It’s no secret when one looks at the trailer for Netflix’s latest original series
In our interview with the young cast and the Duffer Brothers who created the series, we learned that there was some required viewing before production began:
A different kind of material could get made back then, where characters who happened to be kids were treated with respect, and when there was something more substantial going on beneath the surface of horror, science fiction, and fantasy.
“I think part of the reason we want to do this is that we’re genre fans, but it’s becoming harder and harder to make the kind of movies that we love where they’re actually characters and it’s doing interesting things and it’s not just about jump scares,” Ross Duffer tells me on the set during the final week of shooting in Atlanta. “And if you look at Stephen King and early Steven Spielberg, these are movies that are about more than just making the audience jump every once and a while. They’re about character… What we want to see, we can’t get it done in film. And then we started seeing what people were doing in television, we saw an opening there. We’re like,
Matt Duffer added, “I think even when we were young, even when we were 12, stuff like
Ross added that even as adults, movies like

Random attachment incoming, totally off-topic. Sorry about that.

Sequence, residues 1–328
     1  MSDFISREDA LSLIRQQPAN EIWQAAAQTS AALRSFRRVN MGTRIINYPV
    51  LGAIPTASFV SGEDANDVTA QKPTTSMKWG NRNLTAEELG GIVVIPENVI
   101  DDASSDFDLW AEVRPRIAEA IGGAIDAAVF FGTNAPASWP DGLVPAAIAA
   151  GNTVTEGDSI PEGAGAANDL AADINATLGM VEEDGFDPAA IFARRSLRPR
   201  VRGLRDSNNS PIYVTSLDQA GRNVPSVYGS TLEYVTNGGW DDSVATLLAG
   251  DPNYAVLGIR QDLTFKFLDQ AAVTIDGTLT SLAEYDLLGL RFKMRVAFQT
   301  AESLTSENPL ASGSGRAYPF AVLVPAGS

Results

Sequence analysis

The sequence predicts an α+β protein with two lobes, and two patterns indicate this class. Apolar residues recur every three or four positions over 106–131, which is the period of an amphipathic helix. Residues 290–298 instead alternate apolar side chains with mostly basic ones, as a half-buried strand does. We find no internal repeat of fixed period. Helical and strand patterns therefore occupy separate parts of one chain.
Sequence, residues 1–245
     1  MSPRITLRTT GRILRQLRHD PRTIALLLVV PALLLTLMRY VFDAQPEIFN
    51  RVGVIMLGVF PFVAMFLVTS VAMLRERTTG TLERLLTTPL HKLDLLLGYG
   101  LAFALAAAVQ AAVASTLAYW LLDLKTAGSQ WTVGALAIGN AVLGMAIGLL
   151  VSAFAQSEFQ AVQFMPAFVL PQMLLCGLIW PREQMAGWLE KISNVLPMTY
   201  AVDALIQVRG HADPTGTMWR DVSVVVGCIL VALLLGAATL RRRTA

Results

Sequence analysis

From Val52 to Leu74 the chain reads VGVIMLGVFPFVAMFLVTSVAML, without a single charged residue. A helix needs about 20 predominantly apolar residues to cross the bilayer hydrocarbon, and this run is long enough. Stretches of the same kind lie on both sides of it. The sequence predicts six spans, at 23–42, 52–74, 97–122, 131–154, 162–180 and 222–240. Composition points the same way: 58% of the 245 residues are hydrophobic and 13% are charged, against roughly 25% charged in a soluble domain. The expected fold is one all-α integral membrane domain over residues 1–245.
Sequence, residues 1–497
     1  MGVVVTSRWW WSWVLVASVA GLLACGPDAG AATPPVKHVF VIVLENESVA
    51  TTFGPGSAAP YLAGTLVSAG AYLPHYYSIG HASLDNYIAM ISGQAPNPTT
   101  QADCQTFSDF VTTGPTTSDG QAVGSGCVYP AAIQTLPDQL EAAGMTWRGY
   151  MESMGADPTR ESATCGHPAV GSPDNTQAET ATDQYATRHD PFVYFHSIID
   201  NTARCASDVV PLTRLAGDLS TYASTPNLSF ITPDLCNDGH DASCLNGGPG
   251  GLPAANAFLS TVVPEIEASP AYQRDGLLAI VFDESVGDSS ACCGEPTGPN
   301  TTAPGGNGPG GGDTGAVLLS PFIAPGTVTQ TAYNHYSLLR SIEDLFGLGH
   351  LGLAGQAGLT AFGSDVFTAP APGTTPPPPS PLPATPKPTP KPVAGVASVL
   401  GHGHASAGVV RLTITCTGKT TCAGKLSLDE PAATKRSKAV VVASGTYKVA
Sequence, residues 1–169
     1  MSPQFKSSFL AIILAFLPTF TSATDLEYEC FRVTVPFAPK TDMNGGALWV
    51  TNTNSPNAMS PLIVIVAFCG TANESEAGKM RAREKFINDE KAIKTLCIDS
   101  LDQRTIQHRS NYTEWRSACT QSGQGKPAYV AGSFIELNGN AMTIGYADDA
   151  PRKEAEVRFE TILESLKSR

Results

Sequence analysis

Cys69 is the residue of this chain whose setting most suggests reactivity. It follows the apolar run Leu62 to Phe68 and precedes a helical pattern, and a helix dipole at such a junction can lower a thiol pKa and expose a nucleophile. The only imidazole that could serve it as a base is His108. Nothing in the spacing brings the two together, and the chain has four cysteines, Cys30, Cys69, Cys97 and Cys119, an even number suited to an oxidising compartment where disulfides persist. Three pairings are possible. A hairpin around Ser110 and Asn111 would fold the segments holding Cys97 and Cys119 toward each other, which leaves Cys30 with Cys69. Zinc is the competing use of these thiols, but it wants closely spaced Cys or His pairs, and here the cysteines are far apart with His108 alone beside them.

One thing that
“I guess the one thing that we were always careful of was make sure that the kids are reacting in very real ways to these situations,” Matt told us. “Because there’s a tendency of people when they write kids or even direct them to be cutesy and fun about it and it’s like… No, but it’s dangerous and it’s scary.”
One thing adding to the stakes: the monster. While coming-of-age genre definitely is at the core of this series, horror is always lurking around the corner, and the Duffers are admirers of horror, sci-fi, and fantasy from all different forms of media. “There’s [John] Carpenter, there’s
There’s also a hint of H.P. Lovecraft, which is obvious when one looks around the sets that are dressed for episodes that come later in the series. “I think the Lovecraftian thing that you’re seeing is that, when it’s horror, I think it’s always scariest when it’s not quite explainable and it’s a little weird and it doesn’t quite make sense so we’re certainly pulling from those references,” Ross said.
In today’s bing-viewing culture, there’s no question that audiences will devour the eight-episode series, which the brothers describe as “novelistic,” in only a few sittings. Can fans look forward to more
“We tied a bow but it’s not perfect… There’s unanswered questions but just enough that it’ll satisfied people and leave the door open.” Having seen the series, I can only hope.